• In some embodiments, the polyhydric phenol is a dihydric phenol having the structure
  • Figure US20090062478A1-20090305-C00007
  • wherein z is 0 or 1; each occurrence of R6 and R7 is independently hydrogen, halogen, unsubstituted or substituted C1-C12 hydrocarbyl provided that the hydrocarbyl group is not tertiary hydrocarbyl, C1-C12 hydrocarbylthio, C1-C12 hydrocarbyloxy, or C2-C12 halohydrocarbyloxy wherein at least two carbon atoms separate the halogen and oxygen atoms; and Y has a structure selected from
  • Figure US20090062478A1-20090305-C00008
  • wherein each occurrence of R8, R9, and R10 is independently selected from hydrogen and C1-C12 hydrocarbyl.
  • Polyfunctional poly(arylene ether)s can also be prepared by a process comprising oxidatively polymerizing a monohydric phenol in the presence of a catalyst under conditions suitable to form a corresponding poly(arylene ether) and a corresponding diphenoquinone; separating the poly(arylene ether) and the diphenoquinone from the catalyst; and equilibrating the poly(arylene ether) and the diphenoquinone to form a poly(arylene ether) having two terminal hydroxy groups. An illustrative example of a corresponding poly(arylene ether) is poly(2,6-dimethyl-1,4-phenylene ether) prepared from oxidative polymerization of 2,6-dimethylphenol. An illustrative example of a corresponding diphenoquinone is 3,3′,5,5′-tetramethyl-4,4′-diphenoquinone formed by oxidation of 2,6-dimethylphenol. When this preparation method is used, it may be necessary to purify the bifunctional poly(arylene ether) to achieve a polydispersity index less than 2.2. An illustrative initial reaction mixture composition for oxidative copolymerization of 2,6-dimethylphenol and 2,2-bis(3,5-dimethyl-4-hydroxyphenyl)propane is as follows: 50192 parts by weight of 2,6-dimethylphenol, 109581 parts by weight of toluene, 503 parts by weight of di-n-butylamine, 1175 parts by weight of dimethyl-n-butylamine, 264 parts by weight of a diamine mix containing N,N′-dibutylethylenediamine and didecyl dimethyl ammonium chloride, and 353 parts by weight of a catalyst mix containing 6.5 weight percent Cu2O in aqueous hydrogen bromide. The polymerization reaction is conducted by controlling the temperature and oxygen concentration in the reaction vessel. The concentration of copper in the polymerization reaction mixture is about 125 parts per million by weight based on the total weight of the reaction mixture, or about 420 parts per million by weight based on the weight of poly(arylene ether) product. The concentration of poly(arylene ether) product in the polymerization reaction mixture is 29.8 weight percent based on the total weight of the reaction mixture. The product bifunctional poly(arylene ether) has an intrinsic viscosity of 0.06 deciliter per gram measured in chloroform at 25° C.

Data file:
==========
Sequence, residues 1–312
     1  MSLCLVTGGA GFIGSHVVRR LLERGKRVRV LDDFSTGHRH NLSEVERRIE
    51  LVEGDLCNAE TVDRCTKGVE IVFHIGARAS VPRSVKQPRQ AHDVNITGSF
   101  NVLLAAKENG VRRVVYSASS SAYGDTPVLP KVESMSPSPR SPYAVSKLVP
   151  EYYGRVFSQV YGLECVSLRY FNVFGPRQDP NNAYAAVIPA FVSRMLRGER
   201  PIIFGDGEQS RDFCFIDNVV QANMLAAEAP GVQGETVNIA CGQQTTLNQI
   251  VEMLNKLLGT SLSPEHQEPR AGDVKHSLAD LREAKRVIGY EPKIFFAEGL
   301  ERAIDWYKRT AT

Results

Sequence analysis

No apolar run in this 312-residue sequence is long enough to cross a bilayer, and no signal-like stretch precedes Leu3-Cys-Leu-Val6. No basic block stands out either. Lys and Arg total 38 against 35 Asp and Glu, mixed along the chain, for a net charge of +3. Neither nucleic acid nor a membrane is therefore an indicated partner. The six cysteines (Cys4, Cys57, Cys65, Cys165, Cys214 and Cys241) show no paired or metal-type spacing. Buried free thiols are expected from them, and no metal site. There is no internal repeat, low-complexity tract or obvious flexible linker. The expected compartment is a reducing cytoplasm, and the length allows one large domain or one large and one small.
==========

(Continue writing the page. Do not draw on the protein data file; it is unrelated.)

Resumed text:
• Polyfunctional poly(arylene ether)s can also be prepared by a so-called redistribution reaction in which a monofunctional poly(arylene ether) is equilibrated with a polyhydric phenol, optionally in the presence of an oxidizing agent. Redistribution reactions are known in the art and described, for example, in U.S. Pat. Nos. 3,496,236 to Cooper et al. and U.S. Pat. No. 5,880,221 to Liska et al. When this preparation method is used, it may be necessary to purify the polyfunctional poly(arylene ether) to achieve a polydispersity index less than 2.2.
  • The method of preparing a capped poly(arylene ether) is applicable to poly(arylene ether)s having a broad range of intrinsic viscosities. For example, the poly(arylene ether) can have an intrinsic viscosity of 0.04 to 1.0 deciliters per gram (dL/g), specifically 0.06 to 0.6 dL/g, more specifically 0.09 to 0.4 dL/g, still more specifically 0.09 to 0.3 dL/g, even more specifically 0.09 to 0.2 dL/g, yet more specifically 0.09 to 0.15 dL/g, even more specifically 0.09 to 0.12 dL/g, all as measured in chloroform at 25° C. It will be understood that the same intrinsic viscosity limitations can apply to the capped poly(arylene ether).
  • Capping agents capable of reaction with poly(arylene ether)s to form capped poly(arylene ether)s are known in the art. See, for example, U.S. Pat. Nos. 4,562,243 and 4,634,742 and 4,665,137 to Percec, 4,663,402 to Percec et al., 6,306,978 B1 and 6,384,176 to Braat et al., U.S. Pat. No. 6,627,704 B2 to Yeager et al., and 6,962,965 to Yeager; and U.S. Statutory Invention Registration H521 to Fan. Among the types of capping agents that can be used are, for example, halohydrocarbons (such as chloromethylstyrene and allyl chloride), carboxylic acid halides (such as acetyl chloride, acryloyl chloride, and methacryloyl chloride), carboxylic acid esters (such as phenyl salicylate), carboxylic acid anhydrides (such as acetic anhydride, acrylic anhydride, and methacrylic anhydride), carbonate esters (such as diphenyl carbonate and bis(4-vinylphenyl)carbonate), isocyanates (including diisocyanates), and epichlorohydrin.